Modernizing WordPress robots.txt


djbaxter

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WordPress robots.txt Example
by Yoast
February 5, 2015

No longer is Google the dumb little kid that just fetches your sites HTML and ignores your styling and JavaScript. It fetches everything and renders your pages completely. This means that when you deny Google access to your CSS or JavaScript files, it doesn?t like that at all. My recent post about Google Panda 4 shows an example of this.

To see whether your site can be fully rendered, you can do a Fetch & Render in Google Webmaster Tools crawl section (as it happens, we?ll do a post on that tomorrow in our series on Google Webmaster Tools, so check back then).

This means that the old often heard best practice of having a robots.txt that blocks access to your <code>wp-includes</code> directory and our own old best practice of blocking your plugins directory are no longer valid. This is why, in WordPress 4.0, I opened the issue and wrote the patch to remove <code>wp-includes/*</code> from the default WordPress robots.txt.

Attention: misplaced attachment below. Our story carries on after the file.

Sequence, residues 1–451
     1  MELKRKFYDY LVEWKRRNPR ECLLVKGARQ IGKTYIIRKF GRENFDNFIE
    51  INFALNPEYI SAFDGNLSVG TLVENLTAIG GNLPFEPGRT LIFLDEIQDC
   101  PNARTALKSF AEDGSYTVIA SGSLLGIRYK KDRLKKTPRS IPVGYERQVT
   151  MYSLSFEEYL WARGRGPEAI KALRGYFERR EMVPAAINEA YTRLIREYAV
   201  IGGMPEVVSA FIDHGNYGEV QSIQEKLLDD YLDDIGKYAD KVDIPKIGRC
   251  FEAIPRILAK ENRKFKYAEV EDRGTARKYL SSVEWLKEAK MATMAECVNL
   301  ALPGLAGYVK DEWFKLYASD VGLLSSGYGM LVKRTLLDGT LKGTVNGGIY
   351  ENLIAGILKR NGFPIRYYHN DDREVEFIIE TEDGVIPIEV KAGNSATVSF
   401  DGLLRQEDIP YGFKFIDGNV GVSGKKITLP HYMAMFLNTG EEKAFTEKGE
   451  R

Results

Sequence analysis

Something else is very important to keep in mind. If you block a URL with your site?s robots.txt, search engines will not crawl those pages. This also means that they cannot distribute the link value pointing at those URLs. So if you have a section of your site that you?d rather not have showing in the search results, but does get a lot of links, don?t use the robots.txt file. Instead, use a robots meta tag with a value <code>noindex, follow</code>. This allows search engines to properly distribute the link value for those pages across your site.
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